Searching for More Empathy Online and Offline


Thank you to Ms. Magazine and Carmen Rios for publishing my article:

The Virtual Search for IRL Empathy

As the days grow shorter and the wind is colder, nearly every culture has a holiday that celebrates light; over flames, many of us will tell other our stories this season. These tales can foster empathy—and, some experts hope, so can new technologies.

The Search for Empathy by Lisa Niver in Ms. Magazine

Lisa Genova’s novels make it seem possible. Her background in neuroscience allowed us a window into life with Huntington’s disease in Inside the O’Briens, autism in Love Anthony, traumatic brain injury in Left Neglected, early-onset Alzheimer’s in Still Alice and amyotrophic lateral sclerosis (ALS), the fatal disease also known as Lou Gehrig’s disease, in Every Note PlayedAs a doctor, Genova knows the science; as a gifted storyteller, she allows us to experience the challenges her characters face in their diagnoses.

Lisa Genova Every Note Played

Can we ever understand what others are experiencing? While reading Every Note Played, I felt that I was part of Richard’s family. In another way, Dr. Jason Jerald hopes to make that kind of feeling even easier to access.

Dr. Jason Jerald and Lisa Niver at VR class with A&T Dev Labs
Dr. Jason Jerald and Lisa Niver at VR class with A&T Dev Labs

Jerald, who wrote The VR Book: Human-Centered Design for Virtual Reality, defined VR at a recent workshop that as “a computer-generated digital environment that can be experienced and interacted with as if that environment was real.” He also spoke of it as an empathy machine. “We have the opportunity,” Jerald hopes, “to create and experience new worlds and change the real world.”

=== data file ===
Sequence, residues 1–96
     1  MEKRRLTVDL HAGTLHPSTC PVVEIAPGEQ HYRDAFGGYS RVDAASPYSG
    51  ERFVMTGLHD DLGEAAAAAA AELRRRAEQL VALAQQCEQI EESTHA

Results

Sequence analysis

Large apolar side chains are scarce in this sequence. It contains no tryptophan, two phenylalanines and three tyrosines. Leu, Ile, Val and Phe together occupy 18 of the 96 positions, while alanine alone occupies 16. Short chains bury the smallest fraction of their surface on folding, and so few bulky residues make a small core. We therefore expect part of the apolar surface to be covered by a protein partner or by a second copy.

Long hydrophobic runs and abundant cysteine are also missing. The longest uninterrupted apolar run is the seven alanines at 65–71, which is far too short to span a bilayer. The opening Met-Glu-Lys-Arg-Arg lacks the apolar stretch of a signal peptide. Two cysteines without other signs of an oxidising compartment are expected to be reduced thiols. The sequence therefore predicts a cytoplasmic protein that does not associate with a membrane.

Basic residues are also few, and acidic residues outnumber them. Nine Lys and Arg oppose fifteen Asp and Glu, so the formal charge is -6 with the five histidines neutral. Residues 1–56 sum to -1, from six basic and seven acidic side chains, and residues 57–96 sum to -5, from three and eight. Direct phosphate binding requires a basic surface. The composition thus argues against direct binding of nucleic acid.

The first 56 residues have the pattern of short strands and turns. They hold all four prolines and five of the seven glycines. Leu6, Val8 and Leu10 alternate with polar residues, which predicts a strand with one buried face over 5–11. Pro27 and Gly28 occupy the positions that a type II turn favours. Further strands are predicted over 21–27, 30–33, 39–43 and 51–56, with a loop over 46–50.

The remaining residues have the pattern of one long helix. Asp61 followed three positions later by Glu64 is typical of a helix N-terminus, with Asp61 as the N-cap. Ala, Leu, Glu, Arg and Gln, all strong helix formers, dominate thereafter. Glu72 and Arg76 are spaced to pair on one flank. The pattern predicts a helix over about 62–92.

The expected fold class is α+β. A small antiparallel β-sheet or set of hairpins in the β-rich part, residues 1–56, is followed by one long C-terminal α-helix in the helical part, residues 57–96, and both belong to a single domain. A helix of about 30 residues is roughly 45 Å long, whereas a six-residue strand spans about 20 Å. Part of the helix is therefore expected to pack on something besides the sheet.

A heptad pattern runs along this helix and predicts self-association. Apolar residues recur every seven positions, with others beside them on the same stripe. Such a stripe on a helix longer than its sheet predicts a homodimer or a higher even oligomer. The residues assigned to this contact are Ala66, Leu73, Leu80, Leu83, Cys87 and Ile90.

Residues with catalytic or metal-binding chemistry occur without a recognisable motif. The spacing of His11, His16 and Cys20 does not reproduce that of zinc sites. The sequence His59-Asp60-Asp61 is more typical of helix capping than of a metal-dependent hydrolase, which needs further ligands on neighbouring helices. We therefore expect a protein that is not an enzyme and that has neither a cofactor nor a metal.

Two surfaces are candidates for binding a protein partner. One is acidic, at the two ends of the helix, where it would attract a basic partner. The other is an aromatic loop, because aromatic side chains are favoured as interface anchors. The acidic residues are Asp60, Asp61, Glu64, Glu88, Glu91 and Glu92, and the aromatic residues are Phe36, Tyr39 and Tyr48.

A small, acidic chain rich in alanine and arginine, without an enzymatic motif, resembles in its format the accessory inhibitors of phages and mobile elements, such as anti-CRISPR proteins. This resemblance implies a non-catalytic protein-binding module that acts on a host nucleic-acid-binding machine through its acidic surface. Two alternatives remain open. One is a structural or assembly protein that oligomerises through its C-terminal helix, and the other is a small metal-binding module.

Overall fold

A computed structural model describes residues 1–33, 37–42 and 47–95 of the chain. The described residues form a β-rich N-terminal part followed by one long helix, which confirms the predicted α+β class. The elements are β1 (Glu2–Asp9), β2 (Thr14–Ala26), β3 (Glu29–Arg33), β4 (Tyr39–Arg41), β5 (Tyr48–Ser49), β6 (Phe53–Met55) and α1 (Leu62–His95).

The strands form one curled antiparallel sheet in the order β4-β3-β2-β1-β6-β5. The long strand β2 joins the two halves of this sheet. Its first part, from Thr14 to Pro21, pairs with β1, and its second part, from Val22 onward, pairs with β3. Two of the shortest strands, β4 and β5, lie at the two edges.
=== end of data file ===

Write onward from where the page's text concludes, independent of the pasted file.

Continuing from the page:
Carrie Shaw began caring for her mom when she was 19 years old and her mom was diagnosed with early onset Alzheimer’s disease. Shaw is not alone: More than 50 million Americans and over a billion people on our planet have some type of disability, and many women become caretakers for elderly parents or family members with serious health challenges. Embodied Labs is using VR to give them critical insight into the lives of the people who rely on them.

Carrie Shaw and Lisa Niver at Google International Women's Day 2018
Carrie Shaw and Lisa Niver at Google International Women’s Day 2018

Through a new program, Embodied Labs is creating a more caring community of health helpers. They’re using virtual reality storytelling to allow people an opportunity to experience the world of the patient they are caring for. Their team now asks the question: “If healthcare providers-in-training could step into the perspectives of the patient and other members of the care team, would this make them more effective providers?” 

Carrie Shaw speaking at Google International Women's Day 2018 with Natalie Villalobos, founder of Women Techmakers
Carrie Shaw speaking at Google International Women’s Day 2018 with Natalie Villalobos, founder of Women Techmakers